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The U.S. endured a spike in gun violence during the pandemic, but it’s subsiding in many places. A researcher puts the latest homicide statistics into context — and warns lawmakers not to become complacent.
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Gun rights advocates often point to low rates of shootings in Maine, New Hampshire, and Vermont to argue that you don’t need strong gun laws to keep violence in check. Here’s what the data actually reveals.
Gun deaths are down this year — but not yet to levels seen before the start of the pandemic.
To mark the anniversary of the 1993 Brady Bill, The Trace charted the evolving landscape of gun purchasing and gun violence.
As the United States faces a record number of mass shootings, data from the Gun Violence Archive suggests that multiple-casualty incidents are accelerating.
Supporters of AR-15s, often used in mass shootings and racist attacks, say they're important for self-defense. Our analysis of Gun Violence Archive data suggests otherwise.
Concealable handguns have been involved in a majority of mass attacks for decades. But the use of rifles is becoming more common.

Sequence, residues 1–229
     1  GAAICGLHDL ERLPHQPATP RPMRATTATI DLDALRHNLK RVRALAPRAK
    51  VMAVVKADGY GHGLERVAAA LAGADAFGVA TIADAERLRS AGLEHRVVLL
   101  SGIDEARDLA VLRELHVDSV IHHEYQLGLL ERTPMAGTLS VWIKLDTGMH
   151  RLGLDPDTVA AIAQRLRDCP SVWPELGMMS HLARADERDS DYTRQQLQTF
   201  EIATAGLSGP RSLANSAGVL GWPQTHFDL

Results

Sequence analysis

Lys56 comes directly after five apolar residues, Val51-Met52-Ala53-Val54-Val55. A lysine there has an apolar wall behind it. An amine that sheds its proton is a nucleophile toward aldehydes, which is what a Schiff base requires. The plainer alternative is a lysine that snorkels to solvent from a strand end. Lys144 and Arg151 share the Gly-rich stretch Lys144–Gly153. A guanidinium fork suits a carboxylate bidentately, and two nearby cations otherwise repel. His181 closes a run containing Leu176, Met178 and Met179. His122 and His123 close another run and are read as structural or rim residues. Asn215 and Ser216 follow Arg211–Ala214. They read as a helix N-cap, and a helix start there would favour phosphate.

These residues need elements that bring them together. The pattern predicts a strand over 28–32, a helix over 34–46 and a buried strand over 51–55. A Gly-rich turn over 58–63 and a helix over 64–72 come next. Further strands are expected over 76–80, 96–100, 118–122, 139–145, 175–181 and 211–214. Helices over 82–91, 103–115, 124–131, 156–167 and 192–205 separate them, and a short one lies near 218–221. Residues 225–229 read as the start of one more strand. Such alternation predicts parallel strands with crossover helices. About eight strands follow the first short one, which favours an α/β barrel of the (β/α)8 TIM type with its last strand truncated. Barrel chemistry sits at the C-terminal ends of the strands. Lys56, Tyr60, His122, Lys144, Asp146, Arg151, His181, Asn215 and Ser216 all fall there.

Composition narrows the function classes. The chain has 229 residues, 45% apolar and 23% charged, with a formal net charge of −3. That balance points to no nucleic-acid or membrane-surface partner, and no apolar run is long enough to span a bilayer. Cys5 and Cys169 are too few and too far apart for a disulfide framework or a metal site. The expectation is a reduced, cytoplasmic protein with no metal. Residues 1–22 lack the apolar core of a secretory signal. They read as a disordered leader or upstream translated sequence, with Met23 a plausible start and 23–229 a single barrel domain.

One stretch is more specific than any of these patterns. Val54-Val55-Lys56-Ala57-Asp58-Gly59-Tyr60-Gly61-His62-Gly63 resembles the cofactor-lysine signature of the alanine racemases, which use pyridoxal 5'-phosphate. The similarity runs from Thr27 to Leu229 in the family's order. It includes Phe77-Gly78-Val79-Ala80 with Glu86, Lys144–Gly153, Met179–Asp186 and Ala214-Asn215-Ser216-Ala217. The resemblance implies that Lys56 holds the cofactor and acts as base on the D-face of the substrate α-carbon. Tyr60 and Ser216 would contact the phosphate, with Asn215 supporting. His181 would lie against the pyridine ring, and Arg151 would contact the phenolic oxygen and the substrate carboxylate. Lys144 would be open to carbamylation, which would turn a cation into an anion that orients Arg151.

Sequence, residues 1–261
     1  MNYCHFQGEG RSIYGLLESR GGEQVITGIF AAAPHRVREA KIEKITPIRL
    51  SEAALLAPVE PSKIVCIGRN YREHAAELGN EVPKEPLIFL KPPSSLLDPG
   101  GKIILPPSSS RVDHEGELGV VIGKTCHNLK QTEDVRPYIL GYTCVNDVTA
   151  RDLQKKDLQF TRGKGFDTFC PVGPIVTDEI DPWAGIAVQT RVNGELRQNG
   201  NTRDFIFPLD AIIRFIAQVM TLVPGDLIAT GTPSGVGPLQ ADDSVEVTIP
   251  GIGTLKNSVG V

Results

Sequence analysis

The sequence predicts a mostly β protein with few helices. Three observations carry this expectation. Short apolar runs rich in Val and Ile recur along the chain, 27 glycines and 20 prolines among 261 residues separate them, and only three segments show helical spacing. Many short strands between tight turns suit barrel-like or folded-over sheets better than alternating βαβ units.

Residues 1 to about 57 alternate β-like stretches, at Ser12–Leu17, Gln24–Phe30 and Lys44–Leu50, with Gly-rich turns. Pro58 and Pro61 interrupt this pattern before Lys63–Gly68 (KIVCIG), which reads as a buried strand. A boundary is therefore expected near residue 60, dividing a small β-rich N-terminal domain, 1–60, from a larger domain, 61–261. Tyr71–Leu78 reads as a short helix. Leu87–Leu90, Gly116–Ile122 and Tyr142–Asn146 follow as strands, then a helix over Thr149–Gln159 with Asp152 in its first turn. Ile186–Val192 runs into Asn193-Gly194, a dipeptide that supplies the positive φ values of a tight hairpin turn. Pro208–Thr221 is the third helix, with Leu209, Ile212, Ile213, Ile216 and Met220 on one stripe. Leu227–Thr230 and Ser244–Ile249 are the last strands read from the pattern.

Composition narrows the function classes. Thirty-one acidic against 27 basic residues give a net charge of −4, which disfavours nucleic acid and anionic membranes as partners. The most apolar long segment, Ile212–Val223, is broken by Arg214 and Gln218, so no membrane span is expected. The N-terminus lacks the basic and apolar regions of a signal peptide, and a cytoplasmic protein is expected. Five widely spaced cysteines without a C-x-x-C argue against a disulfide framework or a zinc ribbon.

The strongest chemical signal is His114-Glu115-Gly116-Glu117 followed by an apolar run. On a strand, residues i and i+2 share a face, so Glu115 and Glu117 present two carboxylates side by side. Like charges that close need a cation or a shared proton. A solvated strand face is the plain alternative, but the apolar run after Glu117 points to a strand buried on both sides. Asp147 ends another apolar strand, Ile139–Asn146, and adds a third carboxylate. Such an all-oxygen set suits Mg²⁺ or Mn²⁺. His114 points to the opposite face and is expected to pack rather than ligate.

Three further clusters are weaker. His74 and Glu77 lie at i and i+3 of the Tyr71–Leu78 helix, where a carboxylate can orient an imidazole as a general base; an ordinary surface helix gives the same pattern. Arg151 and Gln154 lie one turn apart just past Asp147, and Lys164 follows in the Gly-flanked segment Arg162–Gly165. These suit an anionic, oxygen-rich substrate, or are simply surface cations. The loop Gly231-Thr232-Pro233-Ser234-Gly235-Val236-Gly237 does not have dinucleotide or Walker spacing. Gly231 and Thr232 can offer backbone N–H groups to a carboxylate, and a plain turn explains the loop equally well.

More than 48,000 people died of gunshot wounds last year, with suicides up and homicides down, provisional CDC data shows.
The U.S. has 78 million people with criminal records who face more than 40,000 legal restrictions and barriers to finding jobs and housing, according to a new survey.
Research shows that drinking is a driver — and predictor — of gun violence. But state laws regulating if chronic abusers may own or carry guns are wildly inconsistent.
Over the past year, 162 children under 13 shot themselves or another child with an unsecured gun.
In the past decade, nearly two dozen states have repealed laws requiring a permit to carry concealed handguns.
Between 2011 and 2021, the overall firearm death rate in rural counties was nearly 40 percent higher than in urban counterparts.
A 2019 Trace partnership with THE CITY and Measure of America found that shooting victims in the borough were more likely to die than anywhere else in the city.
A new CDC report adds detail to the well-documented increase in gun violence since early 2020.